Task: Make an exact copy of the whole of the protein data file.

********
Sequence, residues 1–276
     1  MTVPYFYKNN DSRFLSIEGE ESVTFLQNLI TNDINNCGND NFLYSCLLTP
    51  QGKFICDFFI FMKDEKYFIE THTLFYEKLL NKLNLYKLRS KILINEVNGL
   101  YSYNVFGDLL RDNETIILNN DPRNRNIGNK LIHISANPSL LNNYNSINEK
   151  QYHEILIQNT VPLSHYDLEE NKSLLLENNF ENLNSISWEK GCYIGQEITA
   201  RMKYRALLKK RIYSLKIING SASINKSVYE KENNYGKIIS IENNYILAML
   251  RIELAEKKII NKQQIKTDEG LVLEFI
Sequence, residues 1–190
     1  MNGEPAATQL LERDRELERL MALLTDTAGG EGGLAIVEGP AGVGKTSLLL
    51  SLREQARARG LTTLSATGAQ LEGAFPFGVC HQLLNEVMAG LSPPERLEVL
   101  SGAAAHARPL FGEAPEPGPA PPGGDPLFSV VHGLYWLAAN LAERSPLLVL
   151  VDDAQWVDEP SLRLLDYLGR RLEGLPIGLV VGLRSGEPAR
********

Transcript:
Sequence, residues 1–276
     1  MTVPYFYKNN DSRFLSIEGE ESVTFLQNLI TNDINNCGND NFLYSCLLTP
    51  QGKFICDFFI FMKDEKYFIE THTLFYEKLL NKLNLYKLRS KILINEVNGL
   101  YSYNVFGDLL RDNETIILNN DPRNRNIGNK LIHISANPSL LNNYNSINEK
   151  QYHEILIQNT VPLSHYDLEE NKSLLLENNF ENLNSISWEK GCYIGQEITA
   201  RMKYRALLKK RIYSLKIING SASINKSVYE KENNYGKIIS IENNYILAML
   251  RIELAEKKII NKQQIKTDEG LVLEFI
Sequence, residues 1–190
     1  MNGEPAATQL LERDRELERL MALLTDTAGG EGGLAIVEGP AGVGKTSLLL
    51  SLREQARARG LTTLSATGAQ LEGAFPFGVC HQLLNEVMAG LSPPERLEVL
   101  SGAAAHARPL FGEAPEPGPA PPGGDPLFSV VHGLYWLAAN LAERSPLLVL
   151  VDDAQWVDEP SLRLLDYLGR RLEGLPIGLV VGLRSGEPAR